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Bears and Packers: bitter rivals? Not really


Those bitter old rivals, the Chicago Bears and the Green Bay Packers, who take to the football field in Chicago on Sunday, really aren’t the bitter old rivals after all. You see the football teams in Chicago and Green Bay are really old business partners who needed each other’s financial support to survive in the very early days of the National Football League in the 1920s and were still dependent on each other as late as the 1950s.

In 1919, Earl (Curly) Lambeau and George Calhoun organized a football team in Green Bay, Wisconsin. Lambeau and Calhoun may not have realized what they were doing at the time, but Green Bay’s football team was named after the team’s benefactor and Lambeau’s employer, the Indian Packing Company, Green Bay was not paid of any league and played whoever was available.

The Indian Packing Company gave Lambeau $500 for equipment and allowed the team to use the company field for practices. Lambeau’s team might have been the first “pro” football club to depend on corporate backing for naming rights even if it was just $500. Interestingly enough, the Chicago Bears franchise has a similar history.

There was a momentum to organize football into some entity after World War I. In 1920, The American Professional Football Conference came about because of three reasons. Rising salaries was becoming a problem; players were jumping from one team to another following the highest offers and the use of college players still enrolled in schools. The “owners” of the day sound an awful lot like the owners of 2010 complaining about giving players too much of the revenues generated by football games.

On August 20, 1920, the Akron Pros, Canton Bulldogs, Cleveland Indians and Dayton Triangles agreed to join a league that would follow the same rules. Four weeks later, there was another meeting in Canton with Akron, Canton, Cleveland and Dayton from Ohio, the Hammond Pros and the Muncie Flyers from Indiana, the Rochester Jeffersons of New York and the Decatur Staleys, Racine Cardinals and Rock Island Independents in attendance.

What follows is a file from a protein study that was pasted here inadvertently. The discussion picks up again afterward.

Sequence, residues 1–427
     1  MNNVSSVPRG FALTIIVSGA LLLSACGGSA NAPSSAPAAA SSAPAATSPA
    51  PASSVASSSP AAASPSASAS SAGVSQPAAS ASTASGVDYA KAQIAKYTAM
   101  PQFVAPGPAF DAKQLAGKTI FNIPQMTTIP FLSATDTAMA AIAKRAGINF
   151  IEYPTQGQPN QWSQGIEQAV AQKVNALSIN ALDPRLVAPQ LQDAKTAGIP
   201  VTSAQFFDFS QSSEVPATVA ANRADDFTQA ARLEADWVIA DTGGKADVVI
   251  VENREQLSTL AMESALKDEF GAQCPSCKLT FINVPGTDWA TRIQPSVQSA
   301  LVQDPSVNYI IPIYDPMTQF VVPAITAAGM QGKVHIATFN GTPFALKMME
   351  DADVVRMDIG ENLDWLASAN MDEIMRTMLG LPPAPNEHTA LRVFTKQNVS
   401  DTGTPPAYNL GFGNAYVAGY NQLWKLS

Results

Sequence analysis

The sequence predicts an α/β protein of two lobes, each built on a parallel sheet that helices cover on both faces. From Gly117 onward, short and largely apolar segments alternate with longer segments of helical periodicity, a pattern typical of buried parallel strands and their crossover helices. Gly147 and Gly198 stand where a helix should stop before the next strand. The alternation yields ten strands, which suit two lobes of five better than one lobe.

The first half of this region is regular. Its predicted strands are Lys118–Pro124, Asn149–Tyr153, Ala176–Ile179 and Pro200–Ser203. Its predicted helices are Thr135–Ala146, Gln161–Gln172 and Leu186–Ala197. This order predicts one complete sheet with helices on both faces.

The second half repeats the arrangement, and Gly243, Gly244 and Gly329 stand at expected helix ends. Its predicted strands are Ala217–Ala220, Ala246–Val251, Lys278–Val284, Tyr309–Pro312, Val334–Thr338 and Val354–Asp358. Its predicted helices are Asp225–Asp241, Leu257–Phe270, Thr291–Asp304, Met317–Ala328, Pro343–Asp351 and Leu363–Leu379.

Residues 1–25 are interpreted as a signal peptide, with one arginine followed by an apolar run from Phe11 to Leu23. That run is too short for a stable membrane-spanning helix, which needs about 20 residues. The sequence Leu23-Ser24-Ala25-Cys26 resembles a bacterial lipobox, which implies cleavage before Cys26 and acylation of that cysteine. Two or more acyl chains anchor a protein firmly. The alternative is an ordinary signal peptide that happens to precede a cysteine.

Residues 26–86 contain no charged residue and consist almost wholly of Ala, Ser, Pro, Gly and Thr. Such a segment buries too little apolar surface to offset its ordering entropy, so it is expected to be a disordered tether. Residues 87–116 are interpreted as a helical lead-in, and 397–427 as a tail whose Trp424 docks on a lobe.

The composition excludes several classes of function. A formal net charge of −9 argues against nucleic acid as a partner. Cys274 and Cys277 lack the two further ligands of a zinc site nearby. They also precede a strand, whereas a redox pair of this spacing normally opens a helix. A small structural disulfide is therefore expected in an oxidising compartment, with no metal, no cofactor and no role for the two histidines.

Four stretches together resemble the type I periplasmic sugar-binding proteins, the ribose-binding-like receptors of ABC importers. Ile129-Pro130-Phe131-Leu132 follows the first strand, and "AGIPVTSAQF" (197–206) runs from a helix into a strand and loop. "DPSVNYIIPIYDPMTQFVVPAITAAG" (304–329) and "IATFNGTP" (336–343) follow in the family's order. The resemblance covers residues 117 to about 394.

The group changed the name of the circuit to the American Professional Football Association, charged a $100 a franchise membership fee and named Jim Thorpe President of the APFA. None of the teams ever paid the $100. There was no league schedule as teams could play whatever opponent they could book and four other teams joined the league, the Buffalo All-Americans, Chicago Tigers, Columbus Panhandlers and the Detroit Heralds.

The APFA’s first game was on September 26 when Rock Island defeated the St. Paul Ideals 48-0 before 800 fans at home. By season’s end, the Chicago Tigers and Detroit had folded.

In 1921, the APFA had 22 teams including the first year Green Bay Packers. A. E. Staley turned the Decatur Staleys over to George Halas who moved the team to Cubs Park. Staley gave George Halas $5,000 to retain the Staley name for another season. The Staleys who finished 9-1-1 were named champions. Staley was a big producer of corn based products and was another corporate sponsor, a much bigger benefactor than the Indian Packing Company.

In 1922, Green Bay withdrew from the league after admitting the Packers used college players the year before. Curly Lambeau rescued the team by putting up $50 to buy the franchise and promised to obey APFA rules. Lambeau went broke keeping the Packers going but local businesses arranged a $2,500 loan to keep the team playing. By year’s end, a public non-profit cooperation was set up to operate the team and that arrangement is still in place eight decades later.